Who are Wisconsin's innovators? The "That's a Fine Idea: Legal Innovation Wisconsin" initiative spotlights these risk takers who advance the legal profession with perseverance, creative thinking, and big ideas.
Borrowers working toward Public Service Loan Forgiveness should do all they can to ensure that they are on track for loan forgiveness. In this Tip of the Month, Susan Lund gives tips about when to submit the Employment Certification Form. “All borrowersshould also remember to diligently document and independently verify as much information from loan servicers as possible,” she writes.
As a public interest attorney, you may have low-income clients not taking public benefits they are eligible for. When that happens, says Erica Lopez, it is critical to the clients to find out why.
When you represent noncitizen clients, immigration issues may overlap with family law issues. Cassel Villarreal details one particular issue – the I-864 Affidavit for Support, where a citizen sponsor agrees to financially support their immigrating spouse – and how it comes to play in divorce.
Every year, many Wisconsin residents contact the state with complaints about negative consumer experiences. This article sketches out the state’s consumer protection apparatus, identifies the most common types of complaints, and suggests best practices for consumers to work out disagreements with businesses.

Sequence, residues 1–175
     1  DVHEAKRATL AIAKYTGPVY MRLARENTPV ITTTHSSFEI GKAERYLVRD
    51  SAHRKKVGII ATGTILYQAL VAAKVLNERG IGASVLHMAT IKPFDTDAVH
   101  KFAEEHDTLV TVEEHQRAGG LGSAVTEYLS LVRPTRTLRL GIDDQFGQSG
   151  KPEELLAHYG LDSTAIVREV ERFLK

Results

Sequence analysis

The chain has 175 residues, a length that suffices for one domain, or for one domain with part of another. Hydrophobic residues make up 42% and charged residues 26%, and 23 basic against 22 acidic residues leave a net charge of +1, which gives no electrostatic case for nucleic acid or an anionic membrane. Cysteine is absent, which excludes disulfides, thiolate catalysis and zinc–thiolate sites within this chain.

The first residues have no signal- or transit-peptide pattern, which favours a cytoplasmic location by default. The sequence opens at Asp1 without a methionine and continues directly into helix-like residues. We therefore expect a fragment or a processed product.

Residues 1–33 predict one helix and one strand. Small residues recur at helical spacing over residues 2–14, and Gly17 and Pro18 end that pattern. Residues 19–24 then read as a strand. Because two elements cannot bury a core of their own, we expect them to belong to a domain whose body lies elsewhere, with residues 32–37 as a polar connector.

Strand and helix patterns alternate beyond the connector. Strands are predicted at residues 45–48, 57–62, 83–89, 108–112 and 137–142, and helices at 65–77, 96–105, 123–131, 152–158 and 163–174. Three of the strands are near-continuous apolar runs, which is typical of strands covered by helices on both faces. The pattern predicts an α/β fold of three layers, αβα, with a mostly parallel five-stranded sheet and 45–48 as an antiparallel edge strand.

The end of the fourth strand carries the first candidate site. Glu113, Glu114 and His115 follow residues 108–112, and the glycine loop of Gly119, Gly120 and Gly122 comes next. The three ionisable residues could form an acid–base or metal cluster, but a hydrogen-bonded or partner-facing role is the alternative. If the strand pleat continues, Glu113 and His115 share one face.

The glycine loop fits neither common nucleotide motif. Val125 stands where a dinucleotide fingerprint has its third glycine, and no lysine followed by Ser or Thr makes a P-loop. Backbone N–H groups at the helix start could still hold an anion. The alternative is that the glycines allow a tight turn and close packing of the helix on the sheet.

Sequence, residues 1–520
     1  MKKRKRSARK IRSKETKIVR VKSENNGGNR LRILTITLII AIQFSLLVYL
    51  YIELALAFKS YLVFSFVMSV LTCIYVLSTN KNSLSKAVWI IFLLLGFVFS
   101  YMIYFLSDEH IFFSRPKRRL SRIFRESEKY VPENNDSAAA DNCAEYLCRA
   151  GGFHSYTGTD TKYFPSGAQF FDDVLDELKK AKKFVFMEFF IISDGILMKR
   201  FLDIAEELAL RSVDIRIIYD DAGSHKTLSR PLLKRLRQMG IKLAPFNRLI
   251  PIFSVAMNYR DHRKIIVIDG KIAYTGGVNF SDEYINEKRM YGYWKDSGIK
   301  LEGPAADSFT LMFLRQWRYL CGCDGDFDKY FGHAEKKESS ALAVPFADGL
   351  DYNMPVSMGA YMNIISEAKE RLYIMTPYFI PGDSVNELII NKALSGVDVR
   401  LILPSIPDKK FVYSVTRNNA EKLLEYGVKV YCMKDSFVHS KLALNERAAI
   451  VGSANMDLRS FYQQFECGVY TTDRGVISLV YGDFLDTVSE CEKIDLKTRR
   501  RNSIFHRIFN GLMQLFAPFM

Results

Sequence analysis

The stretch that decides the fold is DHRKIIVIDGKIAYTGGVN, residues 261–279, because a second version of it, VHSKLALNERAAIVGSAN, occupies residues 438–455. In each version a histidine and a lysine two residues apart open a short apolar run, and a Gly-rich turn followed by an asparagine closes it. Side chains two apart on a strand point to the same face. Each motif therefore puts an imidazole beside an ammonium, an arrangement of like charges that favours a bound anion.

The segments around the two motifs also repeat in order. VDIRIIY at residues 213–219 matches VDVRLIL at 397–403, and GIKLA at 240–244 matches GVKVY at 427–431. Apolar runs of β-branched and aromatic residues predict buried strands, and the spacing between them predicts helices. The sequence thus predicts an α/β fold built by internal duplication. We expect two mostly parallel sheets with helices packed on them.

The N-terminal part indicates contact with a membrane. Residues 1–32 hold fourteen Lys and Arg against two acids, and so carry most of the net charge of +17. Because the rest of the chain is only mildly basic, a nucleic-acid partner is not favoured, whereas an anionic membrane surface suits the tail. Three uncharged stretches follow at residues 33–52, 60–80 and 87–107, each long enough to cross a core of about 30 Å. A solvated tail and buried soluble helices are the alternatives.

The sheer scope and complexity of consumer law is daunting for consumers and practitioners. Consumer protection provisions are scattered among many different statutes and administrative code chapters, but the responsibility for enforcing them rests among several administrative agencies, often with overlapping jurisdiction. Here is an overview of Wisconsin consumer protection laws, and the regulatory agencies responsible for them.
Our justice system needs competent lawyers willing to pursue consumer law claims for individuals who have been victimized by predatory economic practices. Here is a look at a consumer law practice, federal and state consumer protection laws, and how lawyers can obtain an award of attorney fees based on the fee-shifting provisions in consumer protection statutes.
April 19, 2017 – Erica Lopez chose to leave a Wall Street law firm to help low-income individuals receive access to legal services. "I didn't care about that work as much as I care about the work that I do now." She recommends attorneys remember why they became lawyers in the first place and do more to give back to their communities.
When access to justice is denied, it affects us personally, says Milwaukee County Circuit Court Judge Richard Sankovitz. He explains why access to justice matters for everyone and how lawyers can get involved in their own communities.
Wisconsin has made progress in providing legal services for the state’s low-income residents, but the need still outpaces the available resources. Here is a look at some of the great things happening, the individuals and groups that work to increase access to legal assistance for low-income residents, and remaining significant access to justice gaps.